It’s not a subject many people like to discuss, but estate planning for your loved ones after your death is essential. Planning early can ensure your financial affairs are all in order, especially in helping you reduce and manage your Inheritance Tax bill (IHT). And with the IHT changes included in the latest budget, Inheritance Tax planning is now more important than ever.
What is Inheritance Tax (IHT)?
Inheritance Tax (IHT) is a tax that needs to be paid on your estate – which includes any property, possessions, money, or insurance policies – after your death. How much IHT needs to be paid will depend on the value of your assets after any debts, but any assets left to your spouse or partner may be exempt from IHT as are any assets you leave to a charity.
How much is Inheritance Tax?
The IHT payable depends on the value of your assets after any debts, and it can be as much as 40%. But there is a tax-free allowance we all get called the Nil-Rate Band (NRB), which means your beneficiaries can inherit up to £325,000 from your estate without having to pay tax on it. On estates above the NRB, there is a standard 40% IHT rate. However, there is usually no IHT to be paid if:
- your estate’s value is under the NRB threshold of £325,000
- everything over the threshold is left to your legal spouse or partner
- everything over the threshold is left to an IHT tax-exempt beneficiary
But if you’re leaving property to a beneficiary who’s a family member, a Residence Nil-Rate Band (RNRB) might also apply. This is an extra tax-free allowance that can also be used if you leave any property you’ve lived in for a direct relation (a child, grandchild, or sibling etc).
This is currently set at £175,000 and means that, when combined with the NRB, you could leave an estate up to the value of £500,000 IHT free.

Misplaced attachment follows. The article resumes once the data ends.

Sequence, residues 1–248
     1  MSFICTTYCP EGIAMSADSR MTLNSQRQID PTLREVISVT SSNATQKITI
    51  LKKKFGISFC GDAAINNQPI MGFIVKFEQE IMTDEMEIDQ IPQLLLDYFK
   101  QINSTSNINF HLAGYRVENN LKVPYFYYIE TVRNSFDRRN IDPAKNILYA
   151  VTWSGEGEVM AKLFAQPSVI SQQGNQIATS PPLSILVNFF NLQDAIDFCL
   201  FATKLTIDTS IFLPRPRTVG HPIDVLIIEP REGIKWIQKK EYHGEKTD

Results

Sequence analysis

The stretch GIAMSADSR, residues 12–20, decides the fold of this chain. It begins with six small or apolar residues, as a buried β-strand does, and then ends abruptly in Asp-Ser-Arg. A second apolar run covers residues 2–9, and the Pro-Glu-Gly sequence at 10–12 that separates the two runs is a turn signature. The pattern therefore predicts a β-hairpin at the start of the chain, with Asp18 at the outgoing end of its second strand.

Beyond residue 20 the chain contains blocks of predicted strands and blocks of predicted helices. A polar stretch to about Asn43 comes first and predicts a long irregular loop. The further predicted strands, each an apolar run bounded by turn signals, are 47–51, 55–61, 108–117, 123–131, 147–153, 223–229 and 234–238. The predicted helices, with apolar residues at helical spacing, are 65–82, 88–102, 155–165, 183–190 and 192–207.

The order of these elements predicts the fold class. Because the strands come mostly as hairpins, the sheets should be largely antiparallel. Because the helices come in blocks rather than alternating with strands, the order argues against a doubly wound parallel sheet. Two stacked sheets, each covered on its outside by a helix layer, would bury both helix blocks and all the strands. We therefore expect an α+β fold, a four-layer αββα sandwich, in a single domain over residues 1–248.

The freeze on Inheritance Tax thresholds
The £375,000 NRB on IHT has been the same since 2009 while the current £175,000 RNRB has crept up over the years in line with inflation. But at the 2021 budget, the Chancellor announced he would freeze the level at which people start paying IHT for a further 5 years. This means the basic NRB will remain at £325,000 and the RNRB at £175,000 until 2026.
An IHT tax freeze like this is significant and it can be seen as good news for many and will see your asset rise in value. But any estate value that goes over the NRB standard rate of £325k, means your beneficiaries will need to pay it. And with increased energy and food costs, the recent NI hikes, and rising inflation, there will be a growing number of families that might be adversely affected and struggle to pay.
The 5-year IHT freeze and continued rising costs add even more importance to your IHT planning. It gives you an ideal opportunity to review your estate and make sure as much of it goes to your intended beneficiaries instead of to the government. To avoid that outcome, early and careful preparation will mean your beneficiaries will benefit most.
Inheritance Tax planning with MJR Solicitors
IHT planning can be complex with different requests and circumstances to take into account. But MJR Solicitors are experienced specialists in making it a process that’s easy to understand for you. Book your free 30-minute consultation with us today by calling our team on 01243 945 054, emailing us at email@example.com or by sending us a message on our contact form, and we’ll give you the guidance you need to start your IHT planning today.
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